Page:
This is an open access, open content and open source textbook in the form of a Mathematica notebook. If you do not have Mathematica, you can open the notebook with Wolfram’s free CDF Player software. You will not be able to do everything that you can with the notebook version, but it should be good enough for you to get an idea of what is included. There is also a PDF version if you just want to look through the book quickly.

Second Edition (Summer 2019)

digital-research-methods-2-2019-medium

GitHub Repository
Download Mathematica notebook
Download PDF version

The second edition (v2.0, August 2019) contains 22 complete chapters which cover the following topics.

  • Lesson 01. Reading Code. Word frequency, word clouds and stopwords.
  • Lesson 02. Computable Knowledge. Entities, tables, timelines and maps.
  • Lesson 03. Text Content. Mathematica notebooks and expressions, strings and natural language processing.
  • Lesson 04. Data Structures. Lists, associations and datasets.
  • Lesson 05. Reusing Code. Defining and developing functions, keyword in context (KWIC).
  • Lesson 06. Networks. Metadata, matrices and social network analysis.
  • Lesson 07. Indexing and Searching. Pattern matching, topic classification and term distribution.
  • Lesson 08. Geospatial Analysis. Geographic information: raster, vector and attribute data.
  • Lesson 09. Images. Computer vision, face detection, feature extraction and image mining.
  • Lesson 10. Page Images. Optical character recognition (OCR), figure extraction and classification.
  • Lesson 11. Crawling. Browser automation, batch downloading, web archives and WARC files.
  • Lesson 12. Linked Open Data. Resource description framework (RDF), SPARQL queries and endpoints, JSON-LD.
  • Lesson 13. Markup Languages. Scraping and parsing, XML, really simple syndication (RSS) and text encoding initiative (TEI).
  • Lesson 14. Studying Societies. Computational social science, search data, social media and social networks.
  • Lesson 15. Extracting Keywords. Information retrieval, term frequency-inverse document frequency (TF-IDF) and rapid automatic keyword extraction (RAKE).
  • Lesson 16. Word and Document Vectors. Feature extraction, dimension reduction, word embeddings and global vectors.
  • Lesson 17. Citations. References, web services, bibliographic linked open data and citation networks.
  • Lesson 18. Natural Language. Multilingual analysis, computational linguistics and sentiment analysis.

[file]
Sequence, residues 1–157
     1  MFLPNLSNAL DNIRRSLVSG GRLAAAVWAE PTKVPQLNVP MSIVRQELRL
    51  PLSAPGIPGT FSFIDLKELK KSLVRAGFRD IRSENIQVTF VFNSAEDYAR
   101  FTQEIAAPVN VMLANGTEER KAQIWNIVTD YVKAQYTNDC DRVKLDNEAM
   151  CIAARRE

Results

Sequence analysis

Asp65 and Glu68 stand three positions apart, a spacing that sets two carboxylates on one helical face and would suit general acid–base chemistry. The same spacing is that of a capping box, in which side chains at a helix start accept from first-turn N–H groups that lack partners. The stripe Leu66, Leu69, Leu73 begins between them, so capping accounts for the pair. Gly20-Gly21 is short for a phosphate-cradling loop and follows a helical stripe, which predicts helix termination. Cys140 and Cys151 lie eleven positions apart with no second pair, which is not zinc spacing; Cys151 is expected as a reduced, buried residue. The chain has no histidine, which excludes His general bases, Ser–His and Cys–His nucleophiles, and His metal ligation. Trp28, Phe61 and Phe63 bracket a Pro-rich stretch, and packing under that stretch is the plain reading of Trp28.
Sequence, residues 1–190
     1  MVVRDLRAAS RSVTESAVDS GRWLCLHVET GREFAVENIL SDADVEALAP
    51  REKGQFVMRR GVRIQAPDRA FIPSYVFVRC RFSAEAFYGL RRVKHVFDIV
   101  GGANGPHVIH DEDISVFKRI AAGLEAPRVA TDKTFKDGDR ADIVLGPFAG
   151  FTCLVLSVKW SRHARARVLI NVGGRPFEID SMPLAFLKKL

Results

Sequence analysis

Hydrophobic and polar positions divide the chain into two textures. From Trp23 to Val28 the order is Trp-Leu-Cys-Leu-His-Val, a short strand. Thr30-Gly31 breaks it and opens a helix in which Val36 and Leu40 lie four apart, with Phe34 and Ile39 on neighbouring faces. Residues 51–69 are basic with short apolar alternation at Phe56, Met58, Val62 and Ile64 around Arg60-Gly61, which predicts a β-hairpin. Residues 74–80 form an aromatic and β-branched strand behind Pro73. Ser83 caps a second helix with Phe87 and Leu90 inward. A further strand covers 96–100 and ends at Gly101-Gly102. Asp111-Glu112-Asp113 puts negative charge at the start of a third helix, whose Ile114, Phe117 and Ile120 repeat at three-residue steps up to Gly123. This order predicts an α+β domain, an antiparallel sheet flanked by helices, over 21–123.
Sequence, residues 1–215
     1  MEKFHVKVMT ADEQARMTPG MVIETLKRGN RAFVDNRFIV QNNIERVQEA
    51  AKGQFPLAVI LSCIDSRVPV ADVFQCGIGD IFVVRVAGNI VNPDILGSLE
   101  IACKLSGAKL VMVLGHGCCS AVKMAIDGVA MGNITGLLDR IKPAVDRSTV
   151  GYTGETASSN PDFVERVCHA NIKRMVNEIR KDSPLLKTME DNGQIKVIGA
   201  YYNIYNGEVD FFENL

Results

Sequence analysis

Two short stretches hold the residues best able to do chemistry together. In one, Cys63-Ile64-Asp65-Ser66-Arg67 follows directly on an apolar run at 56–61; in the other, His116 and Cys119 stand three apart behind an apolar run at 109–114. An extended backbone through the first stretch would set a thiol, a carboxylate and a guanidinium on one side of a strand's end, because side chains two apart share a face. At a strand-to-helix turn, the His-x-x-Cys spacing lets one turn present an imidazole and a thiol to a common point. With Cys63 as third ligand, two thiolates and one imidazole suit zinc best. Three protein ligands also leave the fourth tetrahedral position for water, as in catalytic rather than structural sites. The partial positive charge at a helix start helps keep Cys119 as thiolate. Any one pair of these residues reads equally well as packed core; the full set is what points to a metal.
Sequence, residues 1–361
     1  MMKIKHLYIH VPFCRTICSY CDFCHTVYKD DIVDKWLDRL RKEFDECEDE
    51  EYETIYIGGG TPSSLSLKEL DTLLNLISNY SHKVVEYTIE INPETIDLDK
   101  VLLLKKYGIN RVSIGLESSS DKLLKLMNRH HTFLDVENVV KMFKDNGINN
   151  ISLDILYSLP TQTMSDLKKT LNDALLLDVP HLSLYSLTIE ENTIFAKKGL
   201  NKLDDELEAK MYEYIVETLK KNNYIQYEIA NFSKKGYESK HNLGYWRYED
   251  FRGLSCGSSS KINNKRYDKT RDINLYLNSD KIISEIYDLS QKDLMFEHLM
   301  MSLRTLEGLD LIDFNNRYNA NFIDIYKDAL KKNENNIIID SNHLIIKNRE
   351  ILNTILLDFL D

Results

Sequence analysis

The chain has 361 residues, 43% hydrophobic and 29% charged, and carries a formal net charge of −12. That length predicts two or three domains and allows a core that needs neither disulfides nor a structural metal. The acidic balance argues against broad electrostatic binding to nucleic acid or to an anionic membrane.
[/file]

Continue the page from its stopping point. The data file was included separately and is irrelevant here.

• Lesson 19. Web Services. Entity networks, publication search, dashboards, manipulating JSON.
  • Lesson 20. Databases. Parts, selections and transformations, computations and querying, relations.
  • Lesson 21. Measuring Images. Photogrammetry, georectification, handwriting and facial 3D reconstruction.
  • Lesson 22. Machine Learning. Unsupervised clustering, classify, predict and transfer learning.

First Edition (Summer 2015)


digital-research-methods-cover-2015-medium
Download Mathematica Notebook (.nb, 4.4MB)
Download CDF (.cdf, 14MB)
GitHub Repository

The first edition (v1.0, August 2015) contains six complete chapters which cover the following topics.

  • Analyzing Text: word frequencies, word clouds, characterizing sentences, text search, bag of words representation, keyword in context.
  • Pattern Matching: string patterns, computable word data, stemming, concordance, capitalized words and phrases, n-gram analysis, stop words.
  • Who and What: computable data about people, associations, named entities.
  • When and Where: computable data about events and geospatial entities, timelines, maps, collocations, visualizing cooccurrence, vector distance and similarity.
  • Information Retrieval: document vector model, related records, TF-IDF, document frequencies, summarization, computable subject data.
  • Internet Sources: batch downloading, comparing texts, indexing for search, markup languages, scraping, interactive pattern matching, RSS feeds,

In addition, there are code samples (but no explanatory text) for the following tasks. I hope to expand these to full chapters in future editions.

  • Image Processing: PDFs, optical character recognition, visualizing page images, automatic image extraction, detecting faces, photogrammetry, georectification, image classification and identification.
  • Spidering and APIs: Wikipedia, network graphing, clustering, Internet Archive, OCLC WorldCat Identities, Open Library API, JSTOR Data for Research

A set of accompanying slides will be posted weekly from September through early December 2015 at

https://williamjturkel.net/teaching/history-2816a-introduction-to-digital-history-fall-2015/

These cover many of the techniques from the textbook in slightly simplified form, focussing more on the use of the techniques than the underlying code.